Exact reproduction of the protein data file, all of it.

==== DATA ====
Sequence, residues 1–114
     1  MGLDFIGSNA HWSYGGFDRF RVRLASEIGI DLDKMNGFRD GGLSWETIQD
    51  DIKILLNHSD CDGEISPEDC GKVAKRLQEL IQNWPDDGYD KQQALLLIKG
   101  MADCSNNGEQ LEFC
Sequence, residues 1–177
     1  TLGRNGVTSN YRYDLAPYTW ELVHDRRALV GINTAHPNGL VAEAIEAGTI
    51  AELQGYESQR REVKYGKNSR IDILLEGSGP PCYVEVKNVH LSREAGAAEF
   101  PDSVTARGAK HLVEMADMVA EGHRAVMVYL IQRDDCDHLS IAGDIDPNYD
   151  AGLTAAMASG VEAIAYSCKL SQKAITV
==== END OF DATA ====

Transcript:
Sequence, residues 1–114
     1  MGLDFIGSNA HWSYGGFDRF RVRLASEIGI DLDKMNGFRD GGLSWETIQD
    51  DIKILLNHSD CDGEISPEDC GKVAKRLQEL IQNWPDDGYD KQQALLLIKG
   101  MADCSNNGEQ LEFC
Sequence, residues 1–177
     1  TLGRNGVTSN YRYDLAPYTW ELVHDRRALV GINTAHPNGL VAEAIEAGTI
    51  AELQGYESQR REVKYGKNSR IDILLEGSGP PCYVEVKNVH LSREAGAAEF
   101  PDSVTARGAK HLVEMADMVA EGHRAVMVYL IQRDDCDHLS IAGDIDPNYD
   151  AGLTAAMASG VEAIAYSCKL SQKAITV